Human beings naturally crave purpose and can suffer serious psychological difficulties if this need is not adequately fulfilled. Data suggests that return-to-work programs reduce lost time by up to four weeks per employee. These programs have the potential to be more effective than other accommodations and provide a number of benefits for both employers and employees. Some of these benefits include reducing costs, encouraging employees to come back to work once they are physically capable, maintaining regular communication regarding the situation, promoting employee skill retention, and discouraging subjective exaggerations.
The longer employees remain off work, the lower the likelihood they will return to their places of employment. Thus, it is critical that return-to-work programs are emphasized in an effort to reduce the amount of time an employee remains off work and increase the likelihood of that employee returning.
How to Avoid Litigation
There are three main factors that cause claimants to hire counsel. First, the claimant believes that his claim is being denied. Whether the claimant’s belief is true or false is immaterial—perception is ultimately reality. Second, the claimant is concerned about job security once released to return to work. Finally, the claimant perceives that the claims professional believes the injury is exaggerated. This circles back to the idea that the tone of the conversation between the claims professional and the claimant is pivotal. Clearly communicating that a claim is undergoing investigation and is being taken seriously could prevent litigation and stop a claimant from feeling vulnerable, threatened, or without a purpose.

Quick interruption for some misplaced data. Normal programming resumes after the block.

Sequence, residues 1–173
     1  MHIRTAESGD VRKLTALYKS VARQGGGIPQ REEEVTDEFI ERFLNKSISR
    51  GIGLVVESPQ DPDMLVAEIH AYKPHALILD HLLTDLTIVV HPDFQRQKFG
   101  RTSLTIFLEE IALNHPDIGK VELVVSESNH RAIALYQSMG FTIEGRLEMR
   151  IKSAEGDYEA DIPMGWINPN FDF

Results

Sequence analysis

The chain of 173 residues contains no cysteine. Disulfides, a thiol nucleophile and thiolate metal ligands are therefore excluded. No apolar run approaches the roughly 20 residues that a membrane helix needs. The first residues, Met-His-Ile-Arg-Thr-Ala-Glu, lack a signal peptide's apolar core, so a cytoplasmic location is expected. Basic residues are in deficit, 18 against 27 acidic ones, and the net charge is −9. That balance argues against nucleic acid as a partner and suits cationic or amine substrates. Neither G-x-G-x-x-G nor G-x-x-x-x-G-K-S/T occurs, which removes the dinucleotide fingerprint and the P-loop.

Additionally, it is important to eliminate unnecessary actions that the claimant may interpret as a threat, which can be achieved through regular verbal communication and prompt reporting. Although verbal communication is time consuming, claimants will gain a better understanding of exactly what is happening with their claims and therefore feel less threatened. It is beneficial to develop a relationship with claimants from the outset because it provides an avenue in which to have productive and sometimes difficult conversations. Additionally, prompt reporting of new information will likely keep the claimant content and calm throughout the claims-handling process. Studies show that the more contacts there are with a claimant, the better the outcome for the employer or insured.
There are a lot of different techniques and procedures that employers and insurance carriers can apply to the claims-handling process to ensure efficiencies are achieved. These practices and techniques are not meant to be an exhaustive list, but will hopefully provide some insight into claims-handling strategies that have proven effective.